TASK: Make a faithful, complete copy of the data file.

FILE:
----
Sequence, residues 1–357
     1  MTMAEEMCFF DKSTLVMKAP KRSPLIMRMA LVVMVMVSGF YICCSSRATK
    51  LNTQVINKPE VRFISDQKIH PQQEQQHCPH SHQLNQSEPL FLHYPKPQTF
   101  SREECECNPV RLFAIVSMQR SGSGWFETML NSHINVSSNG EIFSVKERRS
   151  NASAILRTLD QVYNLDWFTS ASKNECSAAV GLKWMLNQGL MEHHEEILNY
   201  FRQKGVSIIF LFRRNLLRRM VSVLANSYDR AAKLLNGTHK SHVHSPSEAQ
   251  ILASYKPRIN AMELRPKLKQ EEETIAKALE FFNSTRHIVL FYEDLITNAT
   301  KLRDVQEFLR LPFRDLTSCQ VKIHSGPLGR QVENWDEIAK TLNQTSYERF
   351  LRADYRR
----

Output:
Sequence, residues 1–357
     1  MTMAEEMCFF DKSTLVMKAP KRSPLIMRMA LVVMVMVSGF YICCSSRATK
    51  LNTQVINKPE VRFISDQKIH PQQEQQHCPH SHQLNQSEPL FLHYPKPQTF
   101  SREECECNPV RLFAIVSMQR SGSGWFETML NSHINVSSNG EIFSVKERRS
   151  NASAILRTLD QVYNLDWFTS ASKNECSAAV GLKWMLNQGL MEHHEEILNY
   201  FRQKGVSIIF LFRRNLLRRM VSVLANSYDR AAKLLNGTHK SHVHSPSEAQ
   251  ILASYKPRIN AMELRPKLKQ EEETIAKALE FFNSTRHIVL FYEDLITNAT
   301  KLRDVQEFLR LPFRDLTSCQ VKIHSGPLGR QVENWDEIAK TLNQTSYERF
   351  LRADYRR